In a context of confusion and flashy journalism, rigour becomes a precious value.
The scientist and theologian believes that Galileo’s story has been distorted, and accuses Dawkins of “staining science.” An interview published in Spain’s El País.
This article appeared on the Spanish newspaper El País on 19 March 2016. It was translated into English by Evangelical Focus.
Scientist and theologian, professor of Science and Theology in Oxford University, Alister McGrath (Belfast, 1953) holds that investigators go too far when they try to deny God. Science and faith are compatible while one does not interfere in the other, he says.
Question. Has the religious dogmatism not fought against science for centuries?
Answer. Science has always had to fight against religious, political and social prejudices. Sometimes Christianity has been an obstacle for the scientific progress, and other times, it has promoted it.
The scientific revolution started in a Christian context, and it was undoubtedly encouraged by the Christian idea of a structured and organised universe.
Prejudice and dogmatism do not only come from religious faith. Some atheist scientists, like the cosmologist Fred Hoyle, were against the Big Bang theory, because it sounded “too religious.”
My proposal tries to respect the limits and looks for a dialogue between faith and science.
Q. You affirm that Galileo's story was distorted, but there are other historical examples: Bruno, Servet, Vanini.
A. The media representation of the Galileo case as a fight between faith and science started as a social issue at the end of the 19th century.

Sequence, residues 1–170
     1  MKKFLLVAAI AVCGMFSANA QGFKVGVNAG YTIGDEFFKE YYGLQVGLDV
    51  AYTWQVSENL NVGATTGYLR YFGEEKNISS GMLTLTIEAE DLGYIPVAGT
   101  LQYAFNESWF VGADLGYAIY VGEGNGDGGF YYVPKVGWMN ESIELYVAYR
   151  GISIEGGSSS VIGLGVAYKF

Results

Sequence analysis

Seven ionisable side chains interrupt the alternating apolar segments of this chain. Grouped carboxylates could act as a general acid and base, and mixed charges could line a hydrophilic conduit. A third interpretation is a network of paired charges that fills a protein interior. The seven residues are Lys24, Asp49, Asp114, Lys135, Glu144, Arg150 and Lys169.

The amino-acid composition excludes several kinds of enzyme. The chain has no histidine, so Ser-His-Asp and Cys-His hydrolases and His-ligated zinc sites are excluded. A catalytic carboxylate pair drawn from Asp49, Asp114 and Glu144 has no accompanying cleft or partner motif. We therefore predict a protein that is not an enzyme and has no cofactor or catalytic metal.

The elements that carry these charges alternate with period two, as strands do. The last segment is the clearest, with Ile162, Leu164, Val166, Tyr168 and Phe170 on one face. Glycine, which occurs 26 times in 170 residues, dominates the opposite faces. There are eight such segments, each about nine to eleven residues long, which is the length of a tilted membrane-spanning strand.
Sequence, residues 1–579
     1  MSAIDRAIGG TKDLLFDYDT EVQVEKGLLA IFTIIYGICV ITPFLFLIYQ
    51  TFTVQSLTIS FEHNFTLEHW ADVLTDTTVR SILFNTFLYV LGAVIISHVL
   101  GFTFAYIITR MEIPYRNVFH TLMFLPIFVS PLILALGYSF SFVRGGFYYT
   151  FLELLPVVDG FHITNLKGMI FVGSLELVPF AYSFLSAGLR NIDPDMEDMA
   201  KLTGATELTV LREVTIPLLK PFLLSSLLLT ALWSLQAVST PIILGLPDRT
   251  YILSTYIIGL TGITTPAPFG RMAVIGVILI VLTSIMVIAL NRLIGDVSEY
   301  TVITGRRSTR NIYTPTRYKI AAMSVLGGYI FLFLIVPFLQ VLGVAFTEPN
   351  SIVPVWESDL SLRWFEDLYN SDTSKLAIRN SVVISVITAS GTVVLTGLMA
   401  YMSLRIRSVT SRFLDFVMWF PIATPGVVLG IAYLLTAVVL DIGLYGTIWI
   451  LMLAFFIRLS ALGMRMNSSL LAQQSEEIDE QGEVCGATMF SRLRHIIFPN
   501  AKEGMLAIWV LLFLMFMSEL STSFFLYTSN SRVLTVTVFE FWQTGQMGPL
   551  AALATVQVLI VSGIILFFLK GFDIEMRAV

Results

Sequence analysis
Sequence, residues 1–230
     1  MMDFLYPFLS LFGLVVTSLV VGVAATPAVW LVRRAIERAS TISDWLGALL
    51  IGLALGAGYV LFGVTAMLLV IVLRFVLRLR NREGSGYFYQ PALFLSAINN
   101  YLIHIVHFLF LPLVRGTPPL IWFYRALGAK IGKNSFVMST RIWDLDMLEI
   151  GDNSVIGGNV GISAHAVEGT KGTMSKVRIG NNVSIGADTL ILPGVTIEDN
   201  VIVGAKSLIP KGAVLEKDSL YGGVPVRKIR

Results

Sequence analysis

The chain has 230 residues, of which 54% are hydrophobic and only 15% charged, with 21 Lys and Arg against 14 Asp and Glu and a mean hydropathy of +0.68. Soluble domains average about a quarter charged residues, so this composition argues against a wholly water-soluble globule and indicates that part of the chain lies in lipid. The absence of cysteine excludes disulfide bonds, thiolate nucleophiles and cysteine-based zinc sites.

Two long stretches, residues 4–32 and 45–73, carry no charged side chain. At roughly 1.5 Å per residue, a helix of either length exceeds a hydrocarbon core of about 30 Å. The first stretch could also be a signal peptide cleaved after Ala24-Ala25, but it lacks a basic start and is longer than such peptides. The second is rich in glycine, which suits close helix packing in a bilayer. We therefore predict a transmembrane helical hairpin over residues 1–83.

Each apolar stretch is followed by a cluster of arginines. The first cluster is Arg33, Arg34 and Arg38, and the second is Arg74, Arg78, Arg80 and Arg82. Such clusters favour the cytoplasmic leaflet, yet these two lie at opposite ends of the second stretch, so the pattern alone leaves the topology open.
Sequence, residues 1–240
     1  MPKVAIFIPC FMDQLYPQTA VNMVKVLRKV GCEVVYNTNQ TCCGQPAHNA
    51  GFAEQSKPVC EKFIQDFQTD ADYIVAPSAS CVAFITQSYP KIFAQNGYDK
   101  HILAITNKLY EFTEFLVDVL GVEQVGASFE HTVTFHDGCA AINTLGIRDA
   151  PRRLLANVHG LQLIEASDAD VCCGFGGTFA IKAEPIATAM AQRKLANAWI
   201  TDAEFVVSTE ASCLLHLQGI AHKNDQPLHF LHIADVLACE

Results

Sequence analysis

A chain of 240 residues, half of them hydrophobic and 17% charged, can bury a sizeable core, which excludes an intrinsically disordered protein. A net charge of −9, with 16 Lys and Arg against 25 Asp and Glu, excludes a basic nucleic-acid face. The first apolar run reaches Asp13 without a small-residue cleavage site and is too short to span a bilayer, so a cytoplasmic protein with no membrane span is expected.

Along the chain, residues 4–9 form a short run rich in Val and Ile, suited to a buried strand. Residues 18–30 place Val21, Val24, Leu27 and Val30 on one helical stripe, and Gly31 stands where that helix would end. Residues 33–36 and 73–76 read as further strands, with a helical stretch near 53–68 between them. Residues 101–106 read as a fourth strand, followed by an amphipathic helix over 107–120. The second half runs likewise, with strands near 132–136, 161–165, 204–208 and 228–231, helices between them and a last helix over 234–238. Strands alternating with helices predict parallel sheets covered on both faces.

Galileo was a victim of a power struggle inside the Vatican, which was facing the rise of Protestantism. A faction of the Papacy firmly supported Galileo, the other faction did not like him. At the end, one of the factions won.
Q. You accuse New Atheism, defended by Richard Dawkins, of being intolerant. Why do you think so?
A. Sadly, New Atheism is as intolerant and dogmatic as the religious fundamentalism they attack.
Dawkins' astonishing idea of considering the religious belief “a kind of mental illness” indicates his prejudices, and it is not a reliable analysis of beliefs.
Luckily, New Atheism is falling from grace, and more intelligent forms of atheism are emerging. Many scientists believe that Dawkins has stained science with his anti-religious crusade.
Science is not religious or anti-religious, it is just science. It can be compatible with atheism as well as with Christianity.
Q. You admit that both science and religion are a product of the human civilization. If religion is a human creation, how can we believe in it?
A. All our ideas are human creations, but that does not mean we must invalidate them, it just means that we need to wonder which ones are reliable.
A lot of scientific literature shows that human beings look for a meaning or a perspective of reality, which is often expressed by religious or spiritual beliefs and practices. That does not make them true or false, it makes them human.
Q. According to Dawkins, theology is not a science, and therefore, it should have no place in universities.
A. It seems that ignoring the Christian ideas is an intellectual virtue. That is why Christians have dismissed him as an ignorant critic who does not know about their faith.
For me, an intellectual virtue lies on studying, understanding and appreciating a worldview, even when we believe it is wrong.
I was an atheist in my youth, and I rejected the gospel for the same reasons Dawkins rejects it.
Now I see that I simply did not understand Christianity, but I would never mock atheism just because I do not agree with its main beliefs.